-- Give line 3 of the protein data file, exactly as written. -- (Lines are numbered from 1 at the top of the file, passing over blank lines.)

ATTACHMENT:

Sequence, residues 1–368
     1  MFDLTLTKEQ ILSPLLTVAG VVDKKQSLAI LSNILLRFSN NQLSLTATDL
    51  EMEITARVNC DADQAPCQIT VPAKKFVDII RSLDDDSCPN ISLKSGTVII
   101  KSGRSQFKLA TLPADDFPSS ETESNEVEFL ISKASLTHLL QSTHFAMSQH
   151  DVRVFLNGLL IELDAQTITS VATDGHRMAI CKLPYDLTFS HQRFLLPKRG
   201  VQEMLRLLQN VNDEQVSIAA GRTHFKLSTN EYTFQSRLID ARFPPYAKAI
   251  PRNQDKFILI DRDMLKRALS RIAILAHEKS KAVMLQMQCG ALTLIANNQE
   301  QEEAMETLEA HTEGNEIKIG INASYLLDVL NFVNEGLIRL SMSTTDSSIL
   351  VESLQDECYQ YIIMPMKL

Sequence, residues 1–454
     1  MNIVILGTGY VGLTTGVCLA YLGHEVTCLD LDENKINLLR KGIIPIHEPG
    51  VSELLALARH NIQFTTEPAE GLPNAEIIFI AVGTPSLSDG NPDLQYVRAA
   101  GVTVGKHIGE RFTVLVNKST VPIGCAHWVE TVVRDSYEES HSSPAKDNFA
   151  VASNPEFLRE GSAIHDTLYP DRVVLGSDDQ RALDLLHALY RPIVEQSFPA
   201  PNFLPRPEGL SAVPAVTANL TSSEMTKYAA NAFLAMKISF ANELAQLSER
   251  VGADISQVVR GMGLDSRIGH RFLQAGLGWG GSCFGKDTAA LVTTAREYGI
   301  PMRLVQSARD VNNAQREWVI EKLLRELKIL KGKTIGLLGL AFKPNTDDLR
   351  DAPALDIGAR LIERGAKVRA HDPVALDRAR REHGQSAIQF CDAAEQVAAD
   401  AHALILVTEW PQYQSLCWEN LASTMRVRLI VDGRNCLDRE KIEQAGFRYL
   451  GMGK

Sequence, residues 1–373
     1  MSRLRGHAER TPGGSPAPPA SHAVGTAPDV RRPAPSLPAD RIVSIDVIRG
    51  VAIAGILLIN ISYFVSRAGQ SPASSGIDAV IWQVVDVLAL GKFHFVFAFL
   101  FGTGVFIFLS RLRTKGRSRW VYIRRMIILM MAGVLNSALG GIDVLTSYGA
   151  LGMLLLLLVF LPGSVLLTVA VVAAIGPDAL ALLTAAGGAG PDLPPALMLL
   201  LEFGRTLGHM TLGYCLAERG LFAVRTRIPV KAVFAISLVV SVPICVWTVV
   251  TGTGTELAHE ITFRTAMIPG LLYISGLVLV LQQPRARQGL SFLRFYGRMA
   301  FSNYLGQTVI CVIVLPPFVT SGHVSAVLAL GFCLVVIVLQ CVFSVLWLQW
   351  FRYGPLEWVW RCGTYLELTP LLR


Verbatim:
    51  EMEITARVNC DADQAPCQIT VPAKKFVDII RSLDDDSCPN ISLKSGTVII